Brand Savior

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It may not seem like the logical next step for Zoosk Founder Alex Mehr (Ph.D. ‘03), but he is now co-owner and president of Dressbarn. The mechanical engineering alumnus has been on an unusual trajectory since leaving NASA and founding the online dating app Zoosk in 2007. As an engineer turned entrepreneur, he has turned his analytic mindset towards building and launching over 30 products and companies through online platforms, including MentorBox, along with fellow investor Tai Lopez and University of Maryland (UMD) alumnus Shayan Zadeh (M.S., computer science ’02).

We recently had the opportunity to chat with Mehr and learn a little bit more about what led him to his current role with women’s clothing brand Dressbarn.

Dressbarn seems like a huge departure from your other businesses, Zoosk and MentorBox. What made this an attractive project?

Honestly, I don't think of them as specifically what we sell. I think of them as internet brands. What I've done for the past twelve years—and how I've been an entrepreneur—is I build internet brands, and so far I've built them all from scratch. So my expertise is in building brands online from scratch.

About two, three years ago, I was tossing around this idea that [starting from scratch] is actually not the fastest and the smartest way to build these brands. What if we go and pick up brands that are huge, like Dressbarn? These brands have huge followings built over 50 some years, so you know, the work is done. They just haven't transformed into the modern day way of doing business, which basically means selling things through e-commerce online.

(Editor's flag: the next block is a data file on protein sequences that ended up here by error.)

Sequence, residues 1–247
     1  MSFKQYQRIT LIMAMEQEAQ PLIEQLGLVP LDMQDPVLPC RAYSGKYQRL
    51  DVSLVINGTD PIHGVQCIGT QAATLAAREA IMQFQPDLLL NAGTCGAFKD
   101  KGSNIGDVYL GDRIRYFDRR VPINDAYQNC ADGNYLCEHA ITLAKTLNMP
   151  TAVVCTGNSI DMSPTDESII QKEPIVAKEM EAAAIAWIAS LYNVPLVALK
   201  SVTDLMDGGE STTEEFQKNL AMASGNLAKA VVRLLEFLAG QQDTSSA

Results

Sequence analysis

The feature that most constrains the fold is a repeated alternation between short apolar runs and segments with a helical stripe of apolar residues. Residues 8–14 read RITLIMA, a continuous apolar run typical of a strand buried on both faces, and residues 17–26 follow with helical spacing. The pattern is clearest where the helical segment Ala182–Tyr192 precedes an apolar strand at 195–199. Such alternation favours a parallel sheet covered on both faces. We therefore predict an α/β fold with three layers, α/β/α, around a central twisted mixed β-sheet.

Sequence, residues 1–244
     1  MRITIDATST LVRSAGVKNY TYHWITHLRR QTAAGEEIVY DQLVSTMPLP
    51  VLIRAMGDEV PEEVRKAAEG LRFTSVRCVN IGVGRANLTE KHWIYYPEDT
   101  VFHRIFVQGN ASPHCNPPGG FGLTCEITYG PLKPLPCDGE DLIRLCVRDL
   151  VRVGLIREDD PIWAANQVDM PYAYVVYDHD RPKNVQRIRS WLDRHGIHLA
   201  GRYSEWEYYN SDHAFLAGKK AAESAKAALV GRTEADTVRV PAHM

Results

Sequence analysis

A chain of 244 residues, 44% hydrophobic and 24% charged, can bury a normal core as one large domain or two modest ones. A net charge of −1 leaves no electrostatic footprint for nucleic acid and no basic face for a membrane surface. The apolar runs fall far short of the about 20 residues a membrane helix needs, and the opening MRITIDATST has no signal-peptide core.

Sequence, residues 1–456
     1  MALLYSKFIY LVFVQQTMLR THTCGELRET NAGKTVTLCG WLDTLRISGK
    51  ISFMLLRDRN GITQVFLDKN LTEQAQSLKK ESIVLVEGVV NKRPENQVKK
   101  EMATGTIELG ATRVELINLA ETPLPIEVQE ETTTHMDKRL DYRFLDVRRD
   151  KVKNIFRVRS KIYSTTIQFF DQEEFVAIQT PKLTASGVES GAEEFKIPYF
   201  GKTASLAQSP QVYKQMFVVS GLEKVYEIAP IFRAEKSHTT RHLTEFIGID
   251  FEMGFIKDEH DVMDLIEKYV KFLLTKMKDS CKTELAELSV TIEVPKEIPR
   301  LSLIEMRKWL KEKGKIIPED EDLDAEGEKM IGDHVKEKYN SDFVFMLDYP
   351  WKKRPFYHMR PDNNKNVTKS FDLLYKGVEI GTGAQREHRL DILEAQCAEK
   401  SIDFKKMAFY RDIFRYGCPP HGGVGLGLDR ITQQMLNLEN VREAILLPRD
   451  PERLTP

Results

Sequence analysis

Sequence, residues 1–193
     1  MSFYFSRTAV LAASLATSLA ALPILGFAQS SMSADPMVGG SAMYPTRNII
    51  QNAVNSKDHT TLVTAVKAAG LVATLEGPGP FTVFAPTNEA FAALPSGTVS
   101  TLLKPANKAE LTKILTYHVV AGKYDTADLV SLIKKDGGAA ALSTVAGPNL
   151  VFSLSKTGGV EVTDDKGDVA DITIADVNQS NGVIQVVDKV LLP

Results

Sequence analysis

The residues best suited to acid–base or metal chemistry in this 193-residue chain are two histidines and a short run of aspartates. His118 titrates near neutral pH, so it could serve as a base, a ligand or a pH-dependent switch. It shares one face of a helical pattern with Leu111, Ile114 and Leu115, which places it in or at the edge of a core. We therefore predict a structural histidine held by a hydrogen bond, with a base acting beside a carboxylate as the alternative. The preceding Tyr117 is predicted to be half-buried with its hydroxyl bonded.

The brand is strong, so instead of building them from scratch, what if I go buy these brands that are suffering because their business model is wrong and build the internet brand based on that?

What do you think is your favorite part of this entire process?

It’s funny, because, I am not a customer [of Dressbarn] myself, but I tell you, the pleasure I get from it is when people comment on our Facebook ads or Facebook posts, “I'm glad you guys are back!”

You know, they have all of these favorite items that Dressbarn sold that they thought they could no longer get, and now they can. So that actually kind of drives me. It feels like I'm saving something that people care about.

Everybody has a story. Everybody has something that they like and no longer exists.

What is it about these types of projects that excite you so much? What do you look for in new companies?

One of the terms that you probably have heard is “creative destruction,” meaning new ideas come and wipe out the previous ideas—like companies—along the way.

I don't like that term. I don't think that is the only way to make progress forward. I want to coin the term “creative reinvention.” This is a way for companies to make progress forward when there is a disruption in the marketplace. The companies that exist, they have history, like Dressbarn, and there is no reason to wipe them out.

With creative destruction, if nobody does anything over the next 10 years, a lot of iconic brands that you and I grew up with—and which took decades to get into the psyche of everyone and were part of our lives—will not be there for our grandchildren.

Creative destruction is not the only way to make progress. We can keep these things that are good, that [have] been around for a long time, and reinvent them. Just change the parts that are not working. That's kind of what I see myself as, the savior of those brands.

The old brands, if they are run the right way and think the right way, they can get back, defend themselves, and continue to exist. So instead of creative destruction, we would have all of this creative reinvention.


Look for more conversation with Mehr in this year’s issue of METRICS out this fall.

Published March 12, 2020